Toll Protesters Greet New Governor; Lamont Says “We’ll Talk”
On a cold, blustery morning a small cadre of people gathered across from the Connecticut Legislative Office Building wearing red vests and carrying signs that made their position clear for the new governor of Connecticut: No tolls for Connecticut.
Over the course of the day supporters wandered in and out of the group. One woman banged on a drum like a marching brigade and Patrick Sasser – head of the growing group, Say No to CT Tolls, and co-owner of a small trucking company in Stamford – talked with newspaper reporters and television crews.
“It’s our turn this year to start the anti-toll protest and make sure our voices are heard and make sure the new governor knows there are still thousands of people in our state that oppose tolls,” Sasser said. “We’re out here and we’re going to fight this till the end.”
“The new legislators in 2019 need to roll up their sleeves, they need to look at the books, they need to figure out where they can cut costs, that’s what’s going to save our state. Eighty-two tolls are not going to bring new businesses into this state, they’re not going to bring people into our state to buy homes,” Sasser said.
Sasser’s comment were echoed by others in his group who say Connecticut lawmakers have to fix the state’s problems with the money they already have rather than raise more revenue through tolling drivers.
“I’m out here because Hartford needs to get their house in order fiscally before asking us for more money,” said Middletown resident Meghan Portfolio. “They’re asking for more money but they’re not managing the money we’re already giving them.”
Greg Randall, a big-rig truck driver from Bristol said he drives a car 80 miles round trip every day from his home in Bristol to Enfield to pick up his truck. “I’m directly affected by having to pay tolls to drive to and from work.”
Connecticut’s new governor Ned Lamont has said he would only toll large trucks, but even before his inauguration, Lamont’s Transportation Advisory Committee broke with the governor’s campaign pledge and advised tolling all vehicles as well as adjusting the state’s gasoline tax.
Randall says tolling trucks would just raise the price of goods for people in Connecticut. “They’re [trucking companies] are going to transfer all that extra money they have to pay onto our groceries and inadvertently tax us at the grocery store for that. Both ways, we’re still going to get taxed,” Randall said.
Shortly after the state’s gubernatorial election, the Connecticut Department of Transportation released a new tolling study which had been kept under wraps for months. The study proposed 82 tolling gantries on all of Connecticut’s highways and offered a pricing schedule to give discounts to in-state commuters.
According to the study, the plan would raise nearly $1 billion in revenue per year. With the changes made to pricing for Connecticut residents, the study estimates Connecticut drivers would still pay nearly 60 percent of the tolling revenue – down from the 70 percent estimated in the 2015 tolling study.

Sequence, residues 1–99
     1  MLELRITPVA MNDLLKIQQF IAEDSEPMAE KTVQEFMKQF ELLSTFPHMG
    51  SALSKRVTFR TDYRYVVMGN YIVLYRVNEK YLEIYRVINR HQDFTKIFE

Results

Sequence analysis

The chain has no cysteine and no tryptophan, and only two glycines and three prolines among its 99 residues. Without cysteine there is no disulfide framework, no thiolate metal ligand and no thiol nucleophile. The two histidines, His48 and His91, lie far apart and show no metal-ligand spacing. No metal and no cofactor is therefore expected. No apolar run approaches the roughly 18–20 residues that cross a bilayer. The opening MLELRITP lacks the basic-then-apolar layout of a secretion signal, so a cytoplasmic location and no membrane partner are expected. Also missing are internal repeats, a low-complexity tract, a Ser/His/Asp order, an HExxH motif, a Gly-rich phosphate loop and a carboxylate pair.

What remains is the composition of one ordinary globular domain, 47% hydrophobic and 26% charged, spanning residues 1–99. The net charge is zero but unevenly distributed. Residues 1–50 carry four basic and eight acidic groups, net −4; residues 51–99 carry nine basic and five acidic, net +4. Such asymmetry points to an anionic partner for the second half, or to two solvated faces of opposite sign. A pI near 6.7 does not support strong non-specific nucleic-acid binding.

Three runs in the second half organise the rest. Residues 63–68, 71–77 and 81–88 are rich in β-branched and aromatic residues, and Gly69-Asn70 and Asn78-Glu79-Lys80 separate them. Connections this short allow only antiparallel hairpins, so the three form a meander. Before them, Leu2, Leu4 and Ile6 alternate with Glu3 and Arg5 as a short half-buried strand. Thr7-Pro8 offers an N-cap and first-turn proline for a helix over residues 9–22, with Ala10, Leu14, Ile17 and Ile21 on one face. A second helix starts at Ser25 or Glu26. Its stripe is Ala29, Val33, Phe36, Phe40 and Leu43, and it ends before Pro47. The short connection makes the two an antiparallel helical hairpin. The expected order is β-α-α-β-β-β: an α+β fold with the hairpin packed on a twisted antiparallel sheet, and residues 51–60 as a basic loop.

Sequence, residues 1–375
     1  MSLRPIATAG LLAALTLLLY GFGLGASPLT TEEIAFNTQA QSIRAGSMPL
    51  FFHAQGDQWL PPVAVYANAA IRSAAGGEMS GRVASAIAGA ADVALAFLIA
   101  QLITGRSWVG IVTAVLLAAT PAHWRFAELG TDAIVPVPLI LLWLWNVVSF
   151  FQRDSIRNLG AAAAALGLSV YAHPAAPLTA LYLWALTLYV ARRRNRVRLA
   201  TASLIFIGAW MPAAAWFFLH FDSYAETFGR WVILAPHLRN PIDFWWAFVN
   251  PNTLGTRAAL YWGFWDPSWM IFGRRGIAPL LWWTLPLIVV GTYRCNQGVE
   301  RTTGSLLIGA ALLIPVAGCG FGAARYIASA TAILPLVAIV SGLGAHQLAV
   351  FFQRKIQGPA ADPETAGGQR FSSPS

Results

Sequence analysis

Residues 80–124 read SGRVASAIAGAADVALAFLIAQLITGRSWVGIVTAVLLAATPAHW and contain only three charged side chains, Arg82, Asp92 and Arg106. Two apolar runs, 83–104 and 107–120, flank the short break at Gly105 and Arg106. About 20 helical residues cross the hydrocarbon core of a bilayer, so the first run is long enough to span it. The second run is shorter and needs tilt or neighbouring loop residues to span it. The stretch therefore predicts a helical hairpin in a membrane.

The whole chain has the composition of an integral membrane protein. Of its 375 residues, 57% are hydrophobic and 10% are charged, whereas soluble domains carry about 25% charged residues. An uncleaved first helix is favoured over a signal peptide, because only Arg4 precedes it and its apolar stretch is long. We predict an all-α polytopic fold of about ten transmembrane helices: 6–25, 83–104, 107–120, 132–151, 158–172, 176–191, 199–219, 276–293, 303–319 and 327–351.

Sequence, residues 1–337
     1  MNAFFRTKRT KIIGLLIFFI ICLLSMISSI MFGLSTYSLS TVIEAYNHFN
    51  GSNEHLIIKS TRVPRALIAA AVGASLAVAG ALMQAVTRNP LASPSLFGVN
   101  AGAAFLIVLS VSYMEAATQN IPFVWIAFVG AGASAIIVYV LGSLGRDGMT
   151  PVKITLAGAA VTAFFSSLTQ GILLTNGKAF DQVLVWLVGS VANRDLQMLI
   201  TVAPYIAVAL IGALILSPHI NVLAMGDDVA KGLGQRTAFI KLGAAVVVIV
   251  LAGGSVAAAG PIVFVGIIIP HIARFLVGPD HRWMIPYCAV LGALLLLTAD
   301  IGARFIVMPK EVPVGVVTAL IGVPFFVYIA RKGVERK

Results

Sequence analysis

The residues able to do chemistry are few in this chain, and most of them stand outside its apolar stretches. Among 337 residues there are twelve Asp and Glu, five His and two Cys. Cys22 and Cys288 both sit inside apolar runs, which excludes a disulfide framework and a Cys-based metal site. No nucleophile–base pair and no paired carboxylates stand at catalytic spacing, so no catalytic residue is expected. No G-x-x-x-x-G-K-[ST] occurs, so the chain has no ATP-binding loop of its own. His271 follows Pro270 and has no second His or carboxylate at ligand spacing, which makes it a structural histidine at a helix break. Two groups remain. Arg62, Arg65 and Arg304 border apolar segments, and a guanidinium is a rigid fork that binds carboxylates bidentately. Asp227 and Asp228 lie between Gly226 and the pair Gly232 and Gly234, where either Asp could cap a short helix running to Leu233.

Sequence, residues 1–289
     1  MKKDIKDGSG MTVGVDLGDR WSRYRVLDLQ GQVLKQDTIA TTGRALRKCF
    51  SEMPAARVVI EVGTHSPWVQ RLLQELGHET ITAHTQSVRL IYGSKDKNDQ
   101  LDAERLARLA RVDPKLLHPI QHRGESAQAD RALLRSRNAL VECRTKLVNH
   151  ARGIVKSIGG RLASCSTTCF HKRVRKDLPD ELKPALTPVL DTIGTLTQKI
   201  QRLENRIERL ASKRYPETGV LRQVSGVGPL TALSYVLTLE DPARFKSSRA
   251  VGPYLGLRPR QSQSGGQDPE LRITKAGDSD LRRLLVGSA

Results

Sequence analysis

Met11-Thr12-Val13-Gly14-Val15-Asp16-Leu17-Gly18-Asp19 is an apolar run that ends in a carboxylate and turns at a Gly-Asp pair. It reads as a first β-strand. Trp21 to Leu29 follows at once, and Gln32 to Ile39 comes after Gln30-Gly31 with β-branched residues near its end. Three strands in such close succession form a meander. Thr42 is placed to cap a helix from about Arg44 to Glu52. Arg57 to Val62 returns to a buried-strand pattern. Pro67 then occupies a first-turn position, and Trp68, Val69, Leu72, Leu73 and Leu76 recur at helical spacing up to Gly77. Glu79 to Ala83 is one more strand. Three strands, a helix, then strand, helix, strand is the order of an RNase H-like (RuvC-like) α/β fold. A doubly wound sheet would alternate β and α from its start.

But Jennifer Shafer, who hosts a radio show on WESU 88.1FM under the moniker JCherry, says the tolls would cost her and her husband “$1,000 per year.”
“When you think about how much you’re traveling and what you’d pay, that’s about how much it would be for us,” Shafer said. “Where is the money we already paid? The people of this state do not have the money to pay for these tolls.”
But many lawmakers, particularly those in the Democratic Party who now control the House, Senate and Governor’s office, disagree.
Tolls were labelled one of the top five priorities by Democrats following their election sweep in November, along with raising the minimum wage, establishing paid family medical leave, and the legalization of sports betting and marijuana.
Advocates for paid family medical leave and marijuana legalization were also inside and outside the Capitol, making their voices heard as well.
Former Governor Dannel Malloy made his pitch for a higher gas tax and tolls in January of 2018, warning the state’s Special Transportation Fund was out of money and halting 400 projects across the state.
According to Malloy, the state needs to invest more in infrastructure in order to attract businesses to the state, saying infrastructure was the sole reason businesses he talked to didn’t want to come to Connecticut.
Why the STF is out of money is out of money is up for debate. Although revenue from the state’s gasoline tax and petroleum gross receipts tax is projected to continue increasing, it may not be enough to keep up with the STF’s growing costs and the state’s infrastructure ambitions.
Connecticut Republicans note that during the last bi-partisan budget, they managed to keep the STF solvent for the next few years and say they can continue infrastructure investments without resorting to higher taxes and tolls.
While Lamont has called only for tolls on big trucks, that proposal already faces a legal challenge in Rhode Island and some question whether tolling only trucks would generate enough revenue to make installation and operation of the tolling gantries worthwhile.
Although the Say No CT Tolls group was small, they did manage to get the attention of Governor Lamont as he made his way down Capitol Avenue.
Responding to the groups’ cries of “No Tolls,” Lamont at them and said, “We’ll talk.”
Sasser said he looks forward to meeting with the newly elected governor.